What to do in Copenhagen: Tivoli Gardens

Set right at the beating heart of Copenhagen is one of it’s best known, and most loved, attractions: Tivoli Gardens.

It holds the claim to being the second-oldest operating amusement park in the world (the oldest, Bakken, is actually just a short train ride outside Copenhagen). Tivoli manages to be beautiful, enchanting, wonderful fun, and not the slightest bit cheesy (Disney take note).

Whilst there are rides a-plenty – from the gut-churning variety like the one where you sit in a replica of a tiny plane and are hurled in a 360 degree arc at terrifying speed and then spun around a bit for good measure, to toddler-pleasers like the Chitty Chitty Bang Bang type cars that trundle around a small track at 4 miles per hour – for us Tivoli is just as much about escaping from the city for an hour or two without actually going anywhere.

 

Of course, we are lucky enough to be able to visit when we like (with season tickets) and so can enjoy a leisurely stroll around the beautifully landscaped gardens and the lake. It is so expansive, and so well-designed, that you can almost forget you are right in the centre of Copenhagen (except when you catch a glimpse of the red brick RĂ„dhus looming above the fence behind the kids playground).

As I mentioned already, Tivoli has something for everyone. So, for determined thrill-seekers, grab a ticket that includes all the rides, and go for it, you’ll have an amazing day. For those with younger kids (or those for whom a Virtual Reality rollercoaster really has no appeal!) then get a regular entry ticket, and then if you want to try out one of the more sedate rides, you can buy multiples of the single tickets at the machines dotted around the park (be warned though, the basic rides require only one ticket (25kr at the time of writing) but others require 2 or 3, and costs can quickly mount up – we usually limit our kids to one or two of the smaller rides each, but even that gets pricy, so think about what you want to get out of your visit and how long you will stay).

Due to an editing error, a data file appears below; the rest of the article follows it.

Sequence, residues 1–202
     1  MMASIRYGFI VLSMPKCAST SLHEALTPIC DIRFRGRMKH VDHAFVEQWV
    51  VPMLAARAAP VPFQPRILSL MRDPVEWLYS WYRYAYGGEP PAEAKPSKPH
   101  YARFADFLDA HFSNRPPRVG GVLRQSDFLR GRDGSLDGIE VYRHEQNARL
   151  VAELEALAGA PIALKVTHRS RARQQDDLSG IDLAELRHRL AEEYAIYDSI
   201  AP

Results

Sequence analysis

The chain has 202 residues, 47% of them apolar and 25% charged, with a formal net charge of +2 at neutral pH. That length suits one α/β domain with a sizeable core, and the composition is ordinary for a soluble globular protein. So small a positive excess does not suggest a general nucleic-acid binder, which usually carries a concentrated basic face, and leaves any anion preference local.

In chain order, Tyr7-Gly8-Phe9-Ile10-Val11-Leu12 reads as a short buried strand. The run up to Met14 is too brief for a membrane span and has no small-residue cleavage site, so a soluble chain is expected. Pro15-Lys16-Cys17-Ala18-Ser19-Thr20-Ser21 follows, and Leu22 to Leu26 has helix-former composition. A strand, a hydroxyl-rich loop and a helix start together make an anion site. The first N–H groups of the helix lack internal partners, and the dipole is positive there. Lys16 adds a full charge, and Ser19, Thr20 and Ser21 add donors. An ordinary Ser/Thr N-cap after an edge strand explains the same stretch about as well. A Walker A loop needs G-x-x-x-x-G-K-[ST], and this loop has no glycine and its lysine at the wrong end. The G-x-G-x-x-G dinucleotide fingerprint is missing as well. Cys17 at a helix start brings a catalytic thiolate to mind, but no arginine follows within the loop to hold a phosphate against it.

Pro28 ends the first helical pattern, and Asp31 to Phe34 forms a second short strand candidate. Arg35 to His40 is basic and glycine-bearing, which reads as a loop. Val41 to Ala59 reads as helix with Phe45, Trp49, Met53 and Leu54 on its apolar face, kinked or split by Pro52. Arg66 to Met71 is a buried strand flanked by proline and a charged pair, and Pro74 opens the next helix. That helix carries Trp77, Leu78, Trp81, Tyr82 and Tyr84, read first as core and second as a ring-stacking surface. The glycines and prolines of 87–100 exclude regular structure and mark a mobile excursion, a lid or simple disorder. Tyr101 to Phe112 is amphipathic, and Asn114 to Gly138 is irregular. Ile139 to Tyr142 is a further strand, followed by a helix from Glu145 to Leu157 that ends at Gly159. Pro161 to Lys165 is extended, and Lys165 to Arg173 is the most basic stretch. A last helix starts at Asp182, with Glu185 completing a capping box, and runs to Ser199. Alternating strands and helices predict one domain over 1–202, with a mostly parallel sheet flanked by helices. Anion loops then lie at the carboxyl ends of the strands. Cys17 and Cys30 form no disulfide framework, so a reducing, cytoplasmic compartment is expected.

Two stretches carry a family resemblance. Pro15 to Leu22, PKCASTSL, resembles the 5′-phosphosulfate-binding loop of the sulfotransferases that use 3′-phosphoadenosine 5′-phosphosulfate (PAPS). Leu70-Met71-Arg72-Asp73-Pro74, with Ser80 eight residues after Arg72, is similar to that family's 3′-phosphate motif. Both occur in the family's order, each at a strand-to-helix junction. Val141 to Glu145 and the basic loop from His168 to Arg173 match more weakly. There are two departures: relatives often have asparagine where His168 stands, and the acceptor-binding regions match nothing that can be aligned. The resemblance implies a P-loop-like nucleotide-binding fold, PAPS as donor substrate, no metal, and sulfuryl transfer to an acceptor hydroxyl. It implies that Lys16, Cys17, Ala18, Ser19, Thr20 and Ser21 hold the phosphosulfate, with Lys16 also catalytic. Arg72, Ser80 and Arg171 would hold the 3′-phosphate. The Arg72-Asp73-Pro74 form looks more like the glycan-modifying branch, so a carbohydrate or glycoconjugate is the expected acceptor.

The childrens’ playground at the back of the park is excellent, and our kids can happily while away at least an hour in there if not more. There’s a convenient cafe kiosk inside the playpark, and underneath is the Rasmus Klump pancake house for hangry kiddos. Right next door is a well-equipped family restroom/baby change. If you time it right you can then catch one of the family-friendly shows at Rasmus Klump’s little house adjacent to the playpark. Rasmus Klump is a cartoon character beloved of Danish children, but not really known outside of Denmark. That said, the 10 minute vignettes are really sweet and can still be enjoyed even without understanding what the characters are talking about.

Dotted around the park are several options for eating out, from casual to higher end restaurants, but given the high costs of eating out in Copenhagen we usually either bring a picnic or limit ourselves to an ice-cream (maybe a beer or a glogg for the adults, depending on the season).

Speaking of seasons, much of the appeal for both tourists and regulars alike is the way that Tivoli changes its appearance (and to a certain extent, the entertainments on offer) according to the time of year.

In the run up to Christmas, it is bedecked with twinkling lights everywhere you look, there is a Christmas market, and plenty of stalls dispensing glogg (mulled wine) and hot chocolate. This February, to celebrate 175 years since it first opened, Tivoli also had an additional few weeks of winter opening, with an ice rink and an indoor ‘sledging’ and play area for the kids.

Easter marks the beginning of the main season, and the park is decorated with chicks, eggs and spring flowers. In the height of summer, there are free concerts in the main open Plaenen area, with smaller bands appearing on Thursdays (little Friday!) and more well-known bands playing on Friday evenings (last summer I was lucky enough to see Erykah Badu and Brian Wilson, amongst others – this year I am beyond excited that a-ha will be playing at the end on July. Swoon.)

Halloween brings still more seasonal dressing up, last year included an interactive zombie station where you could take a selfie with a CGI zombie by downloading the Tivoli app.

There is also the newly-opened Tivoli Food Hall (opposite the central train station) – accessible from inside the park and from the street, which has options catering to all tastes and budgets.

All in all, a quintessential Copenhagen experience not to be missed.

Happy 175th birthday Tivoli…I am quite sure you’ll still be delighting visitors in another 175 years…

 

 

emmacthomas

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